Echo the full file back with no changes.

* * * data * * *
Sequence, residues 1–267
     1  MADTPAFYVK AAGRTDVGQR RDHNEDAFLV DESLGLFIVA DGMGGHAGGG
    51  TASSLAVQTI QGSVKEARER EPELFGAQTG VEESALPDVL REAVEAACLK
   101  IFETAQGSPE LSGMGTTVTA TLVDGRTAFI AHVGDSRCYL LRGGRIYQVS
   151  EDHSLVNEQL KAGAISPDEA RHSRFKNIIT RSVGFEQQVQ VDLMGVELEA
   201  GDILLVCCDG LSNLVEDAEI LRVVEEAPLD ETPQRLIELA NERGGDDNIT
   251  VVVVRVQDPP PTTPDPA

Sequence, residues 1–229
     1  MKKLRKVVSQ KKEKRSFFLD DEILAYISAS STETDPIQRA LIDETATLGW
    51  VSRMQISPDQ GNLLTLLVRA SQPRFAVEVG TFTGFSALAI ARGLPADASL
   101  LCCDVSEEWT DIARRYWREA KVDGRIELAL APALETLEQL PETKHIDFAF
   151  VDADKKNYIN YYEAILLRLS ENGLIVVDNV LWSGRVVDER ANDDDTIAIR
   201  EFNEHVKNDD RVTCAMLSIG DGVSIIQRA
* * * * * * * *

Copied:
Sequence, residues 1–267
     1  MADTPAFYVK AAGRTDVGQR RDHNEDAFLV DESLGLFIVA DGMGGHAGGG
    51  TASSLAVQTI QGSVKEARER EPELFGAQTG VEESALPDVL REAVEAACLK
   101  IFETAQGSPE LSGMGTTVTA TLVDGRTAFI AHVGDSRCYL LRGGRIYQVS
   151  EDHSLVNEQL KAGAISPDEA RHSRFKNIIT RSVGFEQQVQ VDLMGVELEA
   201  GDILLVCCDG LSNLVEDAEI LRVVEEAPLD ETPQRLIELA NERGGDDNIT
   251  VVVVRVQDPP PTTPDPA

Sequence, residues 1–229
     1  MKKLRKVVSQ KKEKRSFFLD DEILAYISAS STETDPIQRA LIDETATLGW
    51  VSRMQISPDQ GNLLTLLVRA SQPRFAVEVG TFTGFSALAI ARGLPADASL
   101  LCCDVSEEWT DIARRYWREA KVDGRIELAL APALETLEQL PETKHIDFAF
   151  VDADKKNYIN YYEAILLRLS ENGLIVVDNV LWSGRVVDER ANDDDTIAIR
   201  EFNEHVKNDD RVTCAMLSIG DGVSIIQRA